Members of the Boettcher Scholar Alumni Board are interviewing their fellow Boettcher Scholars to help the community get to know one another better. The following Q&A was compiled by Boettcher Scholar Gergana Kostadinova. Scholar Year: 1984 Hometown: Yuma College(s) and degree(s): CU-Boulder, BA English 1988; CU-Colorado Springs, MA Education 2000 Tell us about your current work and how long you’ve been doing it. What is your favorite aspect of your current occupation? I teach elementary gifted and talented students in Colorado Springs School District 11. I’m finishing my 30th year as a teacher, and I plan to teach 40 years or maybe even more. I have published more than 200 units and lessons for gifted learners, and I consult and teach teachers through professional development as well. I love my job, love the kids, and have a passion for gifted education. What role has being a Boettcher Scholar played into where you are and what you are doing now? Like most Boettcher Scholars, I have a passion for learning. I always loved school. My dad was a teacher, and growing up in a small town I was a "school rat." I didn't want to miss anything, and I was involved in practically everything. If I wasn't in classes, I was at a ball game, at a sports practice, attending a concert at the school, in a play, at a school potluck, or playing around on the school playground or in the gym. It was natural for me to become a teacher. Tell us about your involvement in activities, organizations, or groups outside of work. I am the president of the Pikes Peak Association for Gifted Students and a state board member for the Colorado Association of Gifted and Talented. What’s the best advice you’ve received and what advice do you have for new graduates entering your career field? The best advice I've received is never stop learning and growing. I would advise current Scholars entering education to lead with their heart, but I wouldn't need to say it. If they are considering being a teacher, they've already decided to do just that. If you could have dinner with one person or a few people from history, whom would you choose and why? I would have dinner with my grandparents, and that's an easy one for me – if not such an interesting choice for this question – because I love my grandparents and miss them. I want to hear all of the old stories again....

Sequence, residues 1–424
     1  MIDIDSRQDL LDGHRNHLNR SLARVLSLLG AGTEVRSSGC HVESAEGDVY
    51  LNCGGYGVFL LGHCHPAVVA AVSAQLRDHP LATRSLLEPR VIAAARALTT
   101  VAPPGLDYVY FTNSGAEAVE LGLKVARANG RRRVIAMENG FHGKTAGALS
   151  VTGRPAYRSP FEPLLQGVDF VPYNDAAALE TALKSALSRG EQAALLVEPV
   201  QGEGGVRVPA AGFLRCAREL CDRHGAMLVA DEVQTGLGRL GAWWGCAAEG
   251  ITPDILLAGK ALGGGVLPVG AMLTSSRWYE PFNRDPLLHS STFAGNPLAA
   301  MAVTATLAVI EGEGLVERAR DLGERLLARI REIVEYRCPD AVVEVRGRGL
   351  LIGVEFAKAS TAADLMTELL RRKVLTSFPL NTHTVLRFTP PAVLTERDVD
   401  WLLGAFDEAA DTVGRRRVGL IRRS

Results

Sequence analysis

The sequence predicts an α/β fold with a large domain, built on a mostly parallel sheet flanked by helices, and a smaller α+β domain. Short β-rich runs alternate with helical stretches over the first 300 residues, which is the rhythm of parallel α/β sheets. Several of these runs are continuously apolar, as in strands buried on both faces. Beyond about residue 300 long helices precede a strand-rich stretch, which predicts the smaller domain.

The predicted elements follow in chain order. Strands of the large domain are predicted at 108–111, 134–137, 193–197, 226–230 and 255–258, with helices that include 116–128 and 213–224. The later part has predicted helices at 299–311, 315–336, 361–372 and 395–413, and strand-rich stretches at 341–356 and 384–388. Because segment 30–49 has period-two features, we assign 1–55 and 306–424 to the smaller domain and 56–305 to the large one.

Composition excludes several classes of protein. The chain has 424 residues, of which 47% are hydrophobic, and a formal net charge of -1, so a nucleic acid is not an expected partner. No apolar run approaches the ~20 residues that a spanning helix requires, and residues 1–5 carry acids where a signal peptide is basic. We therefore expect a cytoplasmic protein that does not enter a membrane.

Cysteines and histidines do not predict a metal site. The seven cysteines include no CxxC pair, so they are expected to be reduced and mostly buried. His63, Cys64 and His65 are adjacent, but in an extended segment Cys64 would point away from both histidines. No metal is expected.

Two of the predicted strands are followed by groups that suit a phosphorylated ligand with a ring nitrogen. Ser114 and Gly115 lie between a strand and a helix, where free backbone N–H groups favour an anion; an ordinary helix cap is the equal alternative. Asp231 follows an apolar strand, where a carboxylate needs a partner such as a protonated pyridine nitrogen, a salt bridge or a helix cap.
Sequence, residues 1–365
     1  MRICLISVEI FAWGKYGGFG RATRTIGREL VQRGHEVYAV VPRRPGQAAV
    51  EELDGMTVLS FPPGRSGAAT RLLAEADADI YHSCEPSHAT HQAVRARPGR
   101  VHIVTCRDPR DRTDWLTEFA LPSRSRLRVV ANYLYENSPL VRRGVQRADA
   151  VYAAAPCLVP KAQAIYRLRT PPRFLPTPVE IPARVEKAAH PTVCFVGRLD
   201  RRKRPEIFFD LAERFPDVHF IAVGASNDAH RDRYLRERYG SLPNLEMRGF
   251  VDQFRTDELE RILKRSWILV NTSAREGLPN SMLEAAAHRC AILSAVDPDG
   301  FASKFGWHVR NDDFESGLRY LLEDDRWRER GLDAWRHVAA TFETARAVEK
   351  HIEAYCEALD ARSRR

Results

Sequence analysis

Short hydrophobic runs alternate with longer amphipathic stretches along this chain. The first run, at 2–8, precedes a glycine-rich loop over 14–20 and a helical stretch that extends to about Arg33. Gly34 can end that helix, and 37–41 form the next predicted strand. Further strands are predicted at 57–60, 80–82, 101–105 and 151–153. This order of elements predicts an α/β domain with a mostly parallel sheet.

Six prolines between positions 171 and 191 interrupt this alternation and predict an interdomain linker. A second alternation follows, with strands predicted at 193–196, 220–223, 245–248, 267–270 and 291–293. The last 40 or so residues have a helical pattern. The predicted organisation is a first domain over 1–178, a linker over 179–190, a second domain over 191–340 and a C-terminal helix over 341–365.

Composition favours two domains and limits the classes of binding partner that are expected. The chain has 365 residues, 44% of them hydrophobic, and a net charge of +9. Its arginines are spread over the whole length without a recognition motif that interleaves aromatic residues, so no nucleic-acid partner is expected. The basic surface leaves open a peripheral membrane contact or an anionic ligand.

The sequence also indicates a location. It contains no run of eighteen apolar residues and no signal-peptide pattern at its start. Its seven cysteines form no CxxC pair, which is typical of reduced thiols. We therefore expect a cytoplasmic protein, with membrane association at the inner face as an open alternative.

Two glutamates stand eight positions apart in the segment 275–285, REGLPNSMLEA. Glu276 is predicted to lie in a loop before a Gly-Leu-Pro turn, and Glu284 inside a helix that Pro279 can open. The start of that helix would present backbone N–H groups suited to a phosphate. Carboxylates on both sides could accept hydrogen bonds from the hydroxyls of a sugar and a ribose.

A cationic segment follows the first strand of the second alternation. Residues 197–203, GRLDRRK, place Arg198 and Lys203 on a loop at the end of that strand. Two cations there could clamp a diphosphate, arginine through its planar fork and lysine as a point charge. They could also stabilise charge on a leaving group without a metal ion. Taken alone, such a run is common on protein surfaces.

Boettcher Scholars have the opportunity to expand their educations by using international education grants or educational enrichment grants offered as part of their scholarship package. Through their travels, Scholars have learned new languages, experienced diverse cultures, or honed their skills through internships and classes. Many Scholars tell us that these were among the most impactful aspects of their college careers. Here’s one of their stories. Cesar Caraveo 2016 Boettcher Scholar International Education Grant: Brazil The US-Brazil Connect Conexão Mundo program gave me the opportunity to become an English coach for Brazilian high school students. There were three other English coaches, and we each worked with 11 students. For the first eight weeks of the program, I hosted two, 30-minute video calls per week with my students and posted Facebook assignments for them to complete. The second phase of the program was the cultural immersion phase. We traveled to Campina Grande, Paraiba, Brazil for three weeks to continue supporting our students with English through face-to-face interactions. The final phase resumed with the video calls and Facebook assignments for six weeks. This program truly changed my life. It made me realize the passion I have for education, and I am now pursuing a master’s degree in education because of it. The culture in Brazil was so amazing, and the way that the students and Brazilian coordinators treated and welcomed us was incredible. I was able to establish strong relationships with people that I know will last a lifetime. My students are honestly some of the most important people in my life now, and I care very deeply for them. Without a doubt, I would recommend this program (or any program similar to this) to anyone, especially those who have the slightest thought about doing something in education. Cesar is returning to Brazil in the summer of 2018 to teach English with the program. ...